Sam Chehab, general manager of KME, says the project’s D&B contract has allowed the team to work through a speedy – if somewhat rare – setup to develop the hotel. For example, Chehab not only heads KME – the team building the project – but also operates as the client’s representative (CR) for the development.

“So, I engage with the consultant as a contractor and as the CR, and when I do speak to them – on every occasion – I make it very clear [which role it is as],” Chehab tells Construction Week.

“Ultimately, every decision, every conversation, and every initiative has always been to the advantage of the project, keeping in mind the builder’s and client’s bottom lines.” 

Upon his appointment as CR, Chehab says he realised that OSE and FFE delivery could be brought under KME’s remit: “[OSE agencies would have] come here and brought third-party labour. I said, ‘I’m here with my labour teams already, so I’ll [deliver] that’.”

Similarly, when Chehab realised that KME could also purchase the furnishings required for the project – such as doors and showers – and use his existing labour teams to install the products, the decision was made to include FFE within KME’s contract.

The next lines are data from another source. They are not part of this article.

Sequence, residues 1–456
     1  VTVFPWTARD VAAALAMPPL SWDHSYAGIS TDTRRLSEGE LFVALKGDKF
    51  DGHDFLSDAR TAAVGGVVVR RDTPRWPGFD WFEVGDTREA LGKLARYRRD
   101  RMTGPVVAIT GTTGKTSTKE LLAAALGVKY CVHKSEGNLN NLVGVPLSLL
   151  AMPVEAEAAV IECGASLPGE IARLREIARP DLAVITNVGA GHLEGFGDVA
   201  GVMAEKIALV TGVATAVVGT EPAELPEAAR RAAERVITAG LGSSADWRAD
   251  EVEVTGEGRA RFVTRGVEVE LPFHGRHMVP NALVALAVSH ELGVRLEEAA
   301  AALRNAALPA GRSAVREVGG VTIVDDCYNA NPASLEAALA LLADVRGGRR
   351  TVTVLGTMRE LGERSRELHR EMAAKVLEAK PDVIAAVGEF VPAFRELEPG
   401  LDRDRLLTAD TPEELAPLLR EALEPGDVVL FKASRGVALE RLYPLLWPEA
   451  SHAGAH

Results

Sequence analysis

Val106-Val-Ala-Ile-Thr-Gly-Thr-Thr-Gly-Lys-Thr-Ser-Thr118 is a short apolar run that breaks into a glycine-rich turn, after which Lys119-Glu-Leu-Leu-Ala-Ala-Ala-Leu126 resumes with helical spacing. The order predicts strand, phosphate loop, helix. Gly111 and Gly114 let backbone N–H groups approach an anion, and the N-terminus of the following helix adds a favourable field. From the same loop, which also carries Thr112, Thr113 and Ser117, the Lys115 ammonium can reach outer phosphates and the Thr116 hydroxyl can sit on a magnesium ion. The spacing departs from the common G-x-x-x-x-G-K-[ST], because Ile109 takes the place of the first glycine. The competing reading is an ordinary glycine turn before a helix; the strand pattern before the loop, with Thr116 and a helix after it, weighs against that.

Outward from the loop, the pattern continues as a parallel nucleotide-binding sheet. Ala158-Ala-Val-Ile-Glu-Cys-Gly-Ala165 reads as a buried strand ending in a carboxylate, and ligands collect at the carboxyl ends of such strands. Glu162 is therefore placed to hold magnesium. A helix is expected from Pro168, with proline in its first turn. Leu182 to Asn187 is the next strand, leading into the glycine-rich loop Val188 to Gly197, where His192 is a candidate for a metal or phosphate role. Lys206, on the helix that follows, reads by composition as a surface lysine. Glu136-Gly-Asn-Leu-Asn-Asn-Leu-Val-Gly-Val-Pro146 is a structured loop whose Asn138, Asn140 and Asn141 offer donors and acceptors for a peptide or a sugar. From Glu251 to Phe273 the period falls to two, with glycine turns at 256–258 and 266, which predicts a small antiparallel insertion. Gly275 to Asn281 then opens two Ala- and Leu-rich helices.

“It was more expeditious and made for more economical use of labour, and there were fewer [middlemen in the process],” Chehab explains. “It was a win-win situation for the client, the builder, and the operator teams.”

While this may sound like more work than most main contractors are accustomed to, Chehab says his team is ready to meet the demand for added resources to deliver FFE and OSE services.

“Usually, towards the end of a project, you expand the team, because the last 10-20% is always hardest to deliver,” he explains.

“You add resources to [advance] the job towards the end. At that point, you want to fix any snags very quickly before they accumulate and become worse. So, we would have ‘surged’ for three weeks anyway. Now, I’ll surge for six weeks instead, to do the OSE works as well.”